As an expectant mother, I am ruminating on how I want to raise our child. Observing how my friends and family members raise their children, and culling from my own experiences, provides me a plethora of options. Now I am just trying to shape ideas and options into a core and foundation. After having a profound discussion with Tiffany, an admired colleague and friend about her framework for motherhood, I begin launching questions for my own exploration. She detailed the facets of her motherhood as an act of social justice, framing it in historical, racial, economic and gender contexts. Her insightful and incisive framework had me thinking for days. I wondered if others conceptualized motherhood as an act of social justice, so I asked them. Three peers, whom I grew up with from the old neighborhood, shared their insights and perspectives. This post explores the ways these four women contemplate motherhood as an act of social justice, as well as my pondering. The goal of this post is not to provide an absolute singular definition, but a space for mothers and mothers-to-be to ponder, contemplate, and collaborate regarding the responsibilities, challenges, and questions each of use contemplate in defining and situating motherhood as an act of social justice.
Entering my fifth month of pregnancy. Rife with questions and blank spaces, saturated with checklists and preparation, in awe of my body transforming and the life within it transforming me. I am wondering about motherhood. Among the well wishes, positive affirmation and advice, one admonition resonates. Write a journal. Record what you are experiencing. But it’s been stop and start. Like putting key in ignition and flicking it to turn over the engine. The potential is there, yet getting the car engine to turn can be difficult.
The spark was ignited the past week chatting with Tiffany. While catching up on old times and new ventures, Tiffany began detailing her newest happiness—that of raising her one year old son. She is an accomplished woman, one who I admire professionally and personally. She is a former corporate lawyer and director of human rights initiative in housing, and current founder and director of an international nonprofit organization. Tiffany approaches life with a spiritual scope and thoughtfulness of her actions as having global implications. She is together. If you know Tiffany, you know she works with a high level of focus and devotion. She is committed to changing the world by advocating the social and economic rights of people. Through her organization, she empowers the young to be agents of social change. When it comes to her work in human rights and activism, she brings margins to focus, margins to center. She is deliberate in what she does so as to touch many, empowering them to touch eternity.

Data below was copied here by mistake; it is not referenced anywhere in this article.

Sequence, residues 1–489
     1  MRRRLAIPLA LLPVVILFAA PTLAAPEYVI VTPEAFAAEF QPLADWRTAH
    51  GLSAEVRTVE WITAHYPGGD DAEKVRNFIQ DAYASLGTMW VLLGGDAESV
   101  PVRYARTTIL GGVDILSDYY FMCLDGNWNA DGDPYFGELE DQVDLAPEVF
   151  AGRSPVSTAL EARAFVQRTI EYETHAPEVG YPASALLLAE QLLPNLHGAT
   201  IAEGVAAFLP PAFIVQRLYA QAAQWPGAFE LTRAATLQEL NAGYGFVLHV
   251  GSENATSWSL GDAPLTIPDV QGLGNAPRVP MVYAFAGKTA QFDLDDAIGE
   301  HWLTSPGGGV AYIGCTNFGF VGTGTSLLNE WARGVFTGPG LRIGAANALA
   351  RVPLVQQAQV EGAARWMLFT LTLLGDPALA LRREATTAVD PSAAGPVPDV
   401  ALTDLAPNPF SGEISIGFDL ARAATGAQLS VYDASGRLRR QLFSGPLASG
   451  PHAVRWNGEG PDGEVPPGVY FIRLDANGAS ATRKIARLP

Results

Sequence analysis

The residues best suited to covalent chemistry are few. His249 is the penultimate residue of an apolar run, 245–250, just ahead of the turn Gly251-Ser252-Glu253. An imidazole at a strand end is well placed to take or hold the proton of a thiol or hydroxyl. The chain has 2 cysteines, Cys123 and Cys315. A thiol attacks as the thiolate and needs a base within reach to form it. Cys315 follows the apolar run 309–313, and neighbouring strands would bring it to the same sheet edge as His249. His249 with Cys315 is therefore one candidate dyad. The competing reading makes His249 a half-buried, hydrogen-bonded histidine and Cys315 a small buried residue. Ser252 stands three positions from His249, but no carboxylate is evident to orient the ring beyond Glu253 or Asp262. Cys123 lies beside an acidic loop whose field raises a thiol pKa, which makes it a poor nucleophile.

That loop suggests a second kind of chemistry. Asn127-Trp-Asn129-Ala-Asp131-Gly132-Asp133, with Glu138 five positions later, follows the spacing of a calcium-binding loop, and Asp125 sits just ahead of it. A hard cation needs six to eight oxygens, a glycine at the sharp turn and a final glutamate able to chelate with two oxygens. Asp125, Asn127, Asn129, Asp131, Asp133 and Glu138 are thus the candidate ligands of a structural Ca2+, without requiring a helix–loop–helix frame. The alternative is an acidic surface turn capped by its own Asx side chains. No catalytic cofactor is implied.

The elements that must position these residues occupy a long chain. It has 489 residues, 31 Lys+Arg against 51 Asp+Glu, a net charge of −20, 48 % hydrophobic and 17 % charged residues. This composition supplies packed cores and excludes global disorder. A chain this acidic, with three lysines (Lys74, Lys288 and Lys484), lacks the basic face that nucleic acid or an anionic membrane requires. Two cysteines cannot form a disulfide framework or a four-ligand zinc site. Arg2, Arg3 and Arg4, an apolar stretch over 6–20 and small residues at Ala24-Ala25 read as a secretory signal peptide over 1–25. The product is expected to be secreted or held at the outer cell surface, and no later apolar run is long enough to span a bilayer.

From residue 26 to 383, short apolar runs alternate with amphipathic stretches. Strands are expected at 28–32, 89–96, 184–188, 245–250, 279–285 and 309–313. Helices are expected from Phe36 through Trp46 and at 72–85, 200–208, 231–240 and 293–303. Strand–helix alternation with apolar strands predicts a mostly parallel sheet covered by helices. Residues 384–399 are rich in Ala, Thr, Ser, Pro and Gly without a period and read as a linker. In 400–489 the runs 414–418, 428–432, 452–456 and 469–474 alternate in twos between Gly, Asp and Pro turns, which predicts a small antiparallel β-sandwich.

As our chat forged deeper into conversations about motherhood, Tiffany shared her journey on the road converging motherhood and professional duties. She disclosed her battle in toggling her roles and responsibilities as a director while simultaneously being a new mother. Wanting to balance her career choice with maternal responsibilities, she shared her joy and frustrations evolving from this duel of dual commitment.
Tiffany’s experience resonates with me. I am at a crossroad in making a pivotal decision, whether to remain in the workforce and balance it with motherhood, or leave the workforce altogether. My dilemma unfolds from mingling professional responsibilities with now making decisions on how to lovingly and fairly fulfill what I believe to be my maternal responsibilities.
But this known world of work is one I cherish. My work as an educator fulfills me. It completes me, a calling that I invest intellectually and spiritually in fulfilling. Just this past July I trained several teachers in a local school district in classroom management strategies. The joy came through several strands: (1) fostering a safe space for them to share frustrations and dilemmas, (2) build intimacy with colleagues as individuals and as a group, (3) introduce several strategies and support their practice of them, and (4) support them in building collegial relationships across classrooms and school buildings (PreK-12) to continue fostering their network of support after the training. I share this example to say that the core of my world is in helping others help others. And I invest a lot in positioning myself to do such work. Fifteen years of schooling (from bachelors to doctorate) and ten years in the work force as teacher, assistant professor, instructional coach and now consultant. But now, as did Tiffany, I now find myself deliberating how to toggle this old work world with the new commitment of motherhood, deliberating whether the two can meet, harmonize, and thrive.